Libertarian Thinkers: Diverse, Innovative, Iconic

By Brandon Mioduszewski
March 19, 2019

Classical Libertarian thinkers are often overlooked. Although many Libertarians are aware of figures such as Ron Paul or Milton Friedman, the numerous thinkers who have contributed to the Libertarian thought bubble are overlooked. Lesser known Libertarian philosophers have many unique and compelling stories which deserve to be shared. For the purposes of this article, I will attempt to briefly showcase the diversity, history, and achievements of these aptly forgotten thinkers.

Lao-Tzu (6th Century B.C)

Ancient-era thinkers such as Plato, Confucius, and Aristotle among many others are famously known and studied diligently in academia. In contrast, many have hardly heard of Lao-Tzu (also known as Laozi), who was believed to have lived during the 6th century B.C. Often overlooked by his colleague Confucius, Lao-Tzu is seen as one of the first Libertarian-ideological philosophers. More famously known for the founding of Taoism, it is not known if Lao-Tzu truly existed. However, his collections of teachings known as the Tao-Te-Ching (Book of the Way) clearly support modern-day Libertarian ideology, whether written by him or not.    Commonly overlooked by his colleague, Confucius, Lao-Tzu held vastly different creed than Confucius. While Confucian thinking emphasizes strict adherence to the law, Lao-Tzu’s teachings focused on the liberties of man, claiming that “the more laws that one makes, the more criminals one creates”. Lao-Tzu preached a life of simplicity and lack of governmental interference in personal matters. Despite these differences, history shows that the Confucius possessed great respect for Lao-Tzu at a young age. Despite the obscurity and mystery behind the figure of Lao-Tzu, his central teachings of the core beliefs of freedom and lack of governmental interference are those that modern-day Libertarians can reflect on and build upon.

Friedrich Hayek (1899 – 1992)

Friedrich Hayek was an Austrian economic who made important contributions to the ideology of Libertarianism. Hayek’s work is reflected upon by economists to this day. He was not only famous for his own work, but for the harsh criticism of his colleague John Maynard Keynes. While Keynes believed in taxes to stimulate the economy, Hayek advocated for a free market. Hayek published many books such as The Fatal Conceit and The Constitution of Liberty which were some of the most influential sources of Libertarian ideology, advocated for an increase of civil liberties along with a decrease of governmental economic intervention.    As an economist, Hayek helped to popularize the idea of the Phillips Curve. Essentially, he supported that idea that the lower inflation is, the lower the unemployment rate will be as a result. This and many other economic philosophies helped Hayek with the fight against socialist and communist ideology. He continued to spread his ideas during old age at the University of Chicago, and later the University of Freiburg in Germany. Although many of his ideals of freedom were not respected in his day, today, Libertarians can reflect on his work and his economic platform, and find that it is very similar to ours.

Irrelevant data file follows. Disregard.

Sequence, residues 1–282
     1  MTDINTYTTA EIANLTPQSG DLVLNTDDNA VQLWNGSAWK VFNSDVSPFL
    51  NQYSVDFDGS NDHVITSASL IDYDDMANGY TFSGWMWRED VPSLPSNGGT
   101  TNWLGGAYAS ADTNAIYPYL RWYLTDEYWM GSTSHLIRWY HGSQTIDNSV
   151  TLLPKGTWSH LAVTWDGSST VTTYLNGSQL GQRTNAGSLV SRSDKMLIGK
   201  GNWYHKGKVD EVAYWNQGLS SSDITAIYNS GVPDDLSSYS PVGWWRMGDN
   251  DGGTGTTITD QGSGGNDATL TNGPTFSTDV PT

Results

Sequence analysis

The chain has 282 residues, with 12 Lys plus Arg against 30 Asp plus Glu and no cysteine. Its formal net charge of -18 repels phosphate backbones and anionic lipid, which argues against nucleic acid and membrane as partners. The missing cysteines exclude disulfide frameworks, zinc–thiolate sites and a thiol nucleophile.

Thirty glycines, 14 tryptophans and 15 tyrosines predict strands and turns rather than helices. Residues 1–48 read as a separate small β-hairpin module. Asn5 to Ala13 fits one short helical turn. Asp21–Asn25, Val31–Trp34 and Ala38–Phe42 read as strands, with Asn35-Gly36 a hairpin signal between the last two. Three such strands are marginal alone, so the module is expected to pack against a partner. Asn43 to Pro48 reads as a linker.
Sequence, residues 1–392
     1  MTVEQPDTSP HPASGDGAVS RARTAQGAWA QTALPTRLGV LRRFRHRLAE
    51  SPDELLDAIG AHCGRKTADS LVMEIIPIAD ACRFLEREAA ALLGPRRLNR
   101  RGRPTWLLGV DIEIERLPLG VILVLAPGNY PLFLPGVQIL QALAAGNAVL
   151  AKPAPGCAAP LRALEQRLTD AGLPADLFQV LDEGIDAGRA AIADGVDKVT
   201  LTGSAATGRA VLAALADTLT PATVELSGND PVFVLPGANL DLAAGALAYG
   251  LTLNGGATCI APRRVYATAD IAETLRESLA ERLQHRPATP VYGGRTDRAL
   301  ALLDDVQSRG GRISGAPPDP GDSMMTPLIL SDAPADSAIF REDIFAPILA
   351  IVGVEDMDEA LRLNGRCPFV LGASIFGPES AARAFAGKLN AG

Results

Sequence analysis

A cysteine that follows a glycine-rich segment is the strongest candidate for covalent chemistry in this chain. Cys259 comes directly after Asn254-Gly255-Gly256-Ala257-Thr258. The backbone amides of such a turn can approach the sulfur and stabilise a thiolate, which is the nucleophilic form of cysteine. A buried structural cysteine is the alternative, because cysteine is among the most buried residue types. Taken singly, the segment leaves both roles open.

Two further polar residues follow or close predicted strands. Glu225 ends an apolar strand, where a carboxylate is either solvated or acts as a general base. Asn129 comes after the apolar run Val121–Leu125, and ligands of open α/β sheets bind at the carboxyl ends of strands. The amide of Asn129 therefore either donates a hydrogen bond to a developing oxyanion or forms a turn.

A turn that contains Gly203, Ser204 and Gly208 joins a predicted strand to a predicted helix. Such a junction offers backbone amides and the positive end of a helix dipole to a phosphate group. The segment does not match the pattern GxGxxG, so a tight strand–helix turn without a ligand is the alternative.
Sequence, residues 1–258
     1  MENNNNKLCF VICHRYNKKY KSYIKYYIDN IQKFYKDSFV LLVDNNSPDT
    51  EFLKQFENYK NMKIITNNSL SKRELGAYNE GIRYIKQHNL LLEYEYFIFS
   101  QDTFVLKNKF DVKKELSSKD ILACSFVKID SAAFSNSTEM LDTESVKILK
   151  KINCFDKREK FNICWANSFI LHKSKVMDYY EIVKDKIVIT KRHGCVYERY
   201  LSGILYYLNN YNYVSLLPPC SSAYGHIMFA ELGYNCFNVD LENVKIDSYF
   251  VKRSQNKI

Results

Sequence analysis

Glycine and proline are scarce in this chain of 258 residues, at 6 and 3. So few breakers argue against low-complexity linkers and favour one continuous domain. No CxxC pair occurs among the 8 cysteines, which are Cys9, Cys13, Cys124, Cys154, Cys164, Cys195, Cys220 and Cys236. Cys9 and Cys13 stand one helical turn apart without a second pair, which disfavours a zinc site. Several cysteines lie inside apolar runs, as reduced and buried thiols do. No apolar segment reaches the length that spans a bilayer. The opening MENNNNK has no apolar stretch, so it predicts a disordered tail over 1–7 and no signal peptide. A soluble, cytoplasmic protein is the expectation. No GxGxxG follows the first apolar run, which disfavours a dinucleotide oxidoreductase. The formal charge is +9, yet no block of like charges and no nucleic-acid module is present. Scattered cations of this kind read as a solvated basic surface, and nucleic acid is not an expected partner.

Henry David Thoreau (1817 – 1862)

Henry David Thoreau may be a more familiar name to Libertarians. Born and raised in Massachusetts, Thoreau was a famous American philosopher. He was one of the first strong voices to claim that individual rights were above the law – not only did he preach these beliefs, but he also lived them. After graduating from Harvard University, Thoreau lived off the grid in a house built by himself. Interestingly enough, he built his house on the property of famous American author and essayist Ralph Waldo Emerson.     Living off the grid, Thoreau had lots of time to do philosophical writing. Although he published many works that support and form the ideas of individualism and liberty, his most influential work was Civil Disobedience. He begins the essay by stating his famous quote, “The government is best which governs least”. Thoreau goes on to say later in the essay that “Under a government which imprisons any unjustly, the true place for a just man is also a prison”. To Thoreau, personal values and morality are more important than the arbitrary and unjust laws set forth by the government. Overall, Thoreau has created a philosophy that is ingrained within the Libertarian culture – one of freedom, simplicity, and morality

These historical thinkers have each contributed large amounts to the ideology of Libertarianism – whether economically or socially. As Libertarians, we can admire and build upon their contributions. There are countless more examples of philosophers who have upheld these beliefs of freedom and individualism, and it is worth our while to study them.

References & Further Reading